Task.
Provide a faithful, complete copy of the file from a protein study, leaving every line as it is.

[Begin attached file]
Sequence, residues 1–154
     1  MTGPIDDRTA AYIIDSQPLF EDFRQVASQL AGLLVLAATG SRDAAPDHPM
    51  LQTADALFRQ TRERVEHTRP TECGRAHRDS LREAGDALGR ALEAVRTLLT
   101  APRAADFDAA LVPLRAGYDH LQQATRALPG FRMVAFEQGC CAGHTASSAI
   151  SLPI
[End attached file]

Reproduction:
Sequence, residues 1–154
     1  MTGPIDDRTA AYIIDSQPLF EDFRQVASQL AGLLVLAATG SRDAAPDHPM
    51  LQTADALFRQ TRERVEHTRP TECGRAHRDS LREAGDALGR ALEAVRTLLT
   101  APRAADFDAA LVPLRAGYDH LQQATRALPG FRMVAFEQGC CAGHTASSAI
   151  SLPI